What is FGM – Female Genital Mutilation
FGM – Female Genital mutilation – is a procedure where the female genitals are deliberately cut but where there is no medical reason for this to be done. It is mainly done for cultural reasons and is carried out on girls between infancy and their early/mid teens. It is very painful and is done without anaesthetic often using blunt instruments such as knives, scissors, scalpels, pieces of glass or razor blades. FGM often happens against a girl’s will or consent and girls may have to be forcibly restrained. These girls will often suffer later on in life when trying to conceive after this procedure is performed on them. Many have to have the procedure reversed. Female genital mutilation is illegal in the UK.
People often associate FGM with the African continent. However, it is also prevalent in the Middle East and Asia. Certain women’s rights groups are now bringing much awareness of the practice which is being condemned.
Steps to stop the practice of Female Genital Mutilation
I had the privilege of working with one of many projects in Kenya that partner with Mission Direct – a project that provides a safe-house for girls who have fled their homes in fear of the practice of female genital mutilation. I saw first-hand the work being done to support the girls.
The safe-home for these young girls provide for their social, spiritual and economic well-being. The girls feel at home and all get along like sisters; their stories are different even though they all have been affected by this cultural practice. They all partake in the upkeep of the home doing chores such as cleaning and cooking. They also develop their musical talents by learning to play an instrument such as the trombone or drum.
These may seem like small steps but this is a generation of girls who will not pass this practice on to the next generation. Sooner or later this practice will cease. Educating the elders and the older generation will also enlighten them to better ways of thinking.
Legislations and initiatives are now being enacted around the world, to combat the practice of female genital mutilation. More and more people are now being made aware of this practice to make it not only illegal but unlawful.
Life after Female Genital Mutilation
To support the girls in becoming self-sufficient, whilst studying, land was purchased so that they can grow their own crops. The girls often go to the farm after school or during the weekend to tend to it.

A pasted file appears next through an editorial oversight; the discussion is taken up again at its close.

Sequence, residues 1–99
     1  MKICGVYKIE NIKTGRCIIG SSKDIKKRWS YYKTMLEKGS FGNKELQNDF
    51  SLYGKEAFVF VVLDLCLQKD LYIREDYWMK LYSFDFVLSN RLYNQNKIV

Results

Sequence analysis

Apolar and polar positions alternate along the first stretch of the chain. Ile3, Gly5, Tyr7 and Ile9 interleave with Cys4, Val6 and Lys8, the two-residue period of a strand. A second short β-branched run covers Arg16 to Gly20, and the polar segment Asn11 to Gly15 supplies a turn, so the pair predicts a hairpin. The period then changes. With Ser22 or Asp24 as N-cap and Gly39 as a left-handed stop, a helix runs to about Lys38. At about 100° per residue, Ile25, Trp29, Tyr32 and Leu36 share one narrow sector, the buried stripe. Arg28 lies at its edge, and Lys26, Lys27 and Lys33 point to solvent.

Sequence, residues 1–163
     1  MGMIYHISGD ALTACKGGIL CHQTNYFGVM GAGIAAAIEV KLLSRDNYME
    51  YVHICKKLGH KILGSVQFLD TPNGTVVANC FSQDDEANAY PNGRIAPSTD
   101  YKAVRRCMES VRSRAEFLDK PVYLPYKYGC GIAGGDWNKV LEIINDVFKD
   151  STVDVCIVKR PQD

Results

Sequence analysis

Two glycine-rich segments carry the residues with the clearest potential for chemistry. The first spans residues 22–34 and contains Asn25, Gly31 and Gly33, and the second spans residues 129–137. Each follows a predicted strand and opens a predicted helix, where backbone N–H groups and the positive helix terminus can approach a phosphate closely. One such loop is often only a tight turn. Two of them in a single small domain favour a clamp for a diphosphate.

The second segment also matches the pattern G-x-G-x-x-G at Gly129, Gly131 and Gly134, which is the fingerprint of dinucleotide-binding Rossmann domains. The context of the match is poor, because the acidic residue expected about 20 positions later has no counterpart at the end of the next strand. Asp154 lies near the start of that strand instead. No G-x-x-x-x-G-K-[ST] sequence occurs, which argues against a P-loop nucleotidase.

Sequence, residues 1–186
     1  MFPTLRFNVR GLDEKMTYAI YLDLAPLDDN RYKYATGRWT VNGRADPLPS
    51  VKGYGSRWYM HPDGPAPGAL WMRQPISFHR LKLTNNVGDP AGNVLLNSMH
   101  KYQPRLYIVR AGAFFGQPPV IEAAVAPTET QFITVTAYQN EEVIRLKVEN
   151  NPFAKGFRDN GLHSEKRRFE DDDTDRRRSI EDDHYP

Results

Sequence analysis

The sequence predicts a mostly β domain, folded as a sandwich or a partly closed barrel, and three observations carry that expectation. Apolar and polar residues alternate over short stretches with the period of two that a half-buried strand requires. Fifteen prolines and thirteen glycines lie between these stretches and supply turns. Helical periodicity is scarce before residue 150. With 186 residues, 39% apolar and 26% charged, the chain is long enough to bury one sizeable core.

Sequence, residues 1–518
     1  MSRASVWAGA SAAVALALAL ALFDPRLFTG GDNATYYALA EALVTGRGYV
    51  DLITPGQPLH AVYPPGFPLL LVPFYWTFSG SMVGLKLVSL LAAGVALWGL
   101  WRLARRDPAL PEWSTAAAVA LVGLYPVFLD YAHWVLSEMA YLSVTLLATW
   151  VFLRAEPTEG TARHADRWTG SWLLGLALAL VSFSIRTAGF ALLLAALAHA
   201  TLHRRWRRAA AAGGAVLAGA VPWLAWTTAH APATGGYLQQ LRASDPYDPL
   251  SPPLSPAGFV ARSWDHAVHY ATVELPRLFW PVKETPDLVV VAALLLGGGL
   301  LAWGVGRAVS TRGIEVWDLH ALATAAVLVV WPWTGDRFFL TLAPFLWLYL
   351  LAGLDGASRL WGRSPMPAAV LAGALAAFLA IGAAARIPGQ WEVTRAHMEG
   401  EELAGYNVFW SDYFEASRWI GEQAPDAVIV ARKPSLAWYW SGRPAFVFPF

The farmland also has a beehive, fish pond – to breed, rear and sell their own fish, a chicken coop and a pig sty. The First Lady of the County opened the farm and it was a blessing for me to see the girls perform.
Many of the girls have gone onto university outside of Kenya and have become teachers, lawyers, hairdressers, musicians etc. Some will often return to their families who are proud of their achievements.
Dorcas was in the safe-house. This is her singing on her SECOND album. It is just as AWESOME as her first album which I have on DVD.
Steps taken in the Western World to prevent Female Genital Mutilation
Now that there is widespread knowledge of FGM in the news, the UK government are concerned that parents of children from the African, Middle East and Asia cultures are sending their children back home during school holidays so that they can have this procedure carried out. During school term time at UK airports, the authorities screen girls travelling during this period.
Waris Dirie – Survivor of Female Genital Mutilation
At the age of 5, Waris Dirie had female genital mutilation performed on her. In her book Desert Flower, she explains in great detail the pain she endured before, during and after she had the procedure. She is now an advocate against FGM.
Female genital mutilation needs to stop. It is a cultural practice that s risky and dangerous to the lives of women. Many women, affected by female genital mutilation, have gone on to achieve greatness in their lives. Please subscribe to the newsletter if you would like to know more about the work in Kenya.
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